We can also hook up with someone else who is struggling like us and give each other Chizuk. When feeling an attack of lust, it is very helpful to call our partner and talk it out. Although this partner may occasionally experience falls himself, he can see much clearer than us right now because he is not caught up in the lust as we are. His Chizuk will often be exactly what we would have told ourselves, but because we are blinded now, we need to hear it from someone else. Also, by nullifying our own mind and accepting to do whatever our partner suggests, we will often be able to get “out of our heads” and out of our own destructive desires.

Even when not under an attack of lust, it may be helpful to be in touch with our partners on a daily basis at first, either by phone or by e-mail. As we progress, the updates can be less frequent, but they should still be at set intervals which can be decided in advance.

If our wives know about our struggle, they can be one of the best accountability partners. We will feel their pain when we are slipping even more acutely than with others, and this will be a big incentive for us to remain clean. (Although it’s never good to go into too much detail about our struggle with our wives). If our wives do not know, it may be extremely helpful in the long term for them to find out. However, this should be done only once we are taking serious steps to recover and are seeing good progress. Also, it should best be done with careful preparation and preferably in the presence of a therapist or Rabbi that can help her understand the nature of the addiction and offer guidance on how to cope. Although it is often very painful for the wife to find out about our struggles in this area, in the long term it generally does more good than damage. Aside from the strong "accountability" that this provides us with, a couple can ultimately grow much closer together when there are no secrets between them.

It is most effective if our partner or mentor is indeed someone we know. This adds an element of personal honor, which boosts the efficiency of the accountability. However, if this is not an option for us at this stage, Guard Your Eyes provides a framework to help everyone find an accountability partner or sponsor from our network. Sign up to our Partner/Sponsor program and our system will be able to find you a partner or sponsor that matches your gender, marriage status, location and other constraints which best match your situation. You can choose whether you want to be in touch with your partner by e-mail, chat, or even by phone. Using Google Voice, you can receive an anonymous phone number to use for calling and receiving you partner’s calls.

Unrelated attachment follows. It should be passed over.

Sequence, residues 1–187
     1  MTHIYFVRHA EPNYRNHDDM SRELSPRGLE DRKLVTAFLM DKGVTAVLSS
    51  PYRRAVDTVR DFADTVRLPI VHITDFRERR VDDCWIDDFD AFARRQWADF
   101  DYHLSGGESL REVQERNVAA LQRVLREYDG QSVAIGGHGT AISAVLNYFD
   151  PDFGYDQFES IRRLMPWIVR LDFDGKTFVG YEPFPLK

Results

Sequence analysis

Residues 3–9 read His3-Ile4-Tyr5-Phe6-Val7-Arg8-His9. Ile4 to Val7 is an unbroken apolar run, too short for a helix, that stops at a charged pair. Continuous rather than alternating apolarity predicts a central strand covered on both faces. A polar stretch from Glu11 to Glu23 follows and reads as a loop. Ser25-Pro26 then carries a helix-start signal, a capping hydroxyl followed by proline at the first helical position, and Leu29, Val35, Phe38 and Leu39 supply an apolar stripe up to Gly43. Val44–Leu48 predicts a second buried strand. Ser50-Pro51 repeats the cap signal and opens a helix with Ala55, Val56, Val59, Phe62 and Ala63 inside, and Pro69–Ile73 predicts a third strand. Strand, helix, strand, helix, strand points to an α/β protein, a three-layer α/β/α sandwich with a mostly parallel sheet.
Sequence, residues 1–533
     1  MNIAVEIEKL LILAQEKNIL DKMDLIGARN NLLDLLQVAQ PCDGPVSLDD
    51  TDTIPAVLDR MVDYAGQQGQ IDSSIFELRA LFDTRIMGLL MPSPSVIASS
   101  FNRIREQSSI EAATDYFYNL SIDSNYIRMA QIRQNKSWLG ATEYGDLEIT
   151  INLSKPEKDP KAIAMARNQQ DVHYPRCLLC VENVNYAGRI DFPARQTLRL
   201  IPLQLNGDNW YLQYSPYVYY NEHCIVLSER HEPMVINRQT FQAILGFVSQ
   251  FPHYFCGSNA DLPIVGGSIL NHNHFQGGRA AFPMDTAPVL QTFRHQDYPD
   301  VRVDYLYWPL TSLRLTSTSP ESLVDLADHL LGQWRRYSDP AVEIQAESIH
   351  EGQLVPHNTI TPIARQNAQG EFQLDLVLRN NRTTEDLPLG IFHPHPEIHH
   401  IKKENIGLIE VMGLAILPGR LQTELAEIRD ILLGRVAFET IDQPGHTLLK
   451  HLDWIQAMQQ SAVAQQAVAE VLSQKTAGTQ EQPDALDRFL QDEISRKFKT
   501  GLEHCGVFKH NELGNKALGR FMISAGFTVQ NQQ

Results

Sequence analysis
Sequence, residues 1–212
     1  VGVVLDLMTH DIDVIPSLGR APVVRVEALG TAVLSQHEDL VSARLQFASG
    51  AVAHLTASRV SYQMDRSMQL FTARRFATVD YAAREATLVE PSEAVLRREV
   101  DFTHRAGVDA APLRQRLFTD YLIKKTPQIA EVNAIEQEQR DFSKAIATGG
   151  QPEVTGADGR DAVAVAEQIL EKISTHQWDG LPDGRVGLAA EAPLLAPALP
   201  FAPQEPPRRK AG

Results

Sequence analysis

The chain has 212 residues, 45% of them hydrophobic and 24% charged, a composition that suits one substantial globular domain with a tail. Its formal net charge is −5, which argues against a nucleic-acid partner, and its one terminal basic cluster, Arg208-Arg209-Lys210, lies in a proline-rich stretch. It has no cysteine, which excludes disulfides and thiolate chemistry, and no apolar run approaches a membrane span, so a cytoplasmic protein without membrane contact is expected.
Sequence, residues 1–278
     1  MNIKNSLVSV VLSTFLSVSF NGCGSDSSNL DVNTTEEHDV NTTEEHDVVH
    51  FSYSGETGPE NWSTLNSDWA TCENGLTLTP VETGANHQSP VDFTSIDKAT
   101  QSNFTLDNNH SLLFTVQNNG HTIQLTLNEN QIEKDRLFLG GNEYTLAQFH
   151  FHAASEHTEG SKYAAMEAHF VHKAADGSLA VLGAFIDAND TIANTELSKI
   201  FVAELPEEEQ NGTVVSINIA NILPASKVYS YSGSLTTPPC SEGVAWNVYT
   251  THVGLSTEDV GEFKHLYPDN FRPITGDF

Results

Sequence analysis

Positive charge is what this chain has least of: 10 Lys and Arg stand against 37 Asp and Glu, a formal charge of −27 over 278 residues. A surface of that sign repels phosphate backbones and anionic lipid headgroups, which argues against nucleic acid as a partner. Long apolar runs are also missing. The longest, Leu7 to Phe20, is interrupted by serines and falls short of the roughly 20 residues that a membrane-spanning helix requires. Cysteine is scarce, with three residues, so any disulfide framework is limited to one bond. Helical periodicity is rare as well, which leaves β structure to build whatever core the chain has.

From ‘day one’ of our journey, we can already be a partner to receive and provide accountability, understanding, chizuk and hope with another struggler. However, to be a sponsor on our network, we must have at least 90 days sobriety.

If we feel inadequate or unequipped to provide others with chizuk, we can use this Handbook, (both parts 1 and 2), as a basis for great material to discuss with our partner. Alternatively, we can read and discuss the many tips on the website or material from any of the hundreds of past chizuk e-mails sent out.

Those who join 12-Step groups (discussed in later tools) will be able to find a sponsor in the group who will serve both as an accountability partner as well as a guide to help them work through the 12 steps. As one group member beautifully summed up the power of accountability and of having others help us in our struggle:

I have had enough of the silent suffering, the hiding, the lying and the living a double life. Today, I talk to people in my program every day, besides going to meetings twice a week. The whole truth about me needs to be on the outside, with safe people.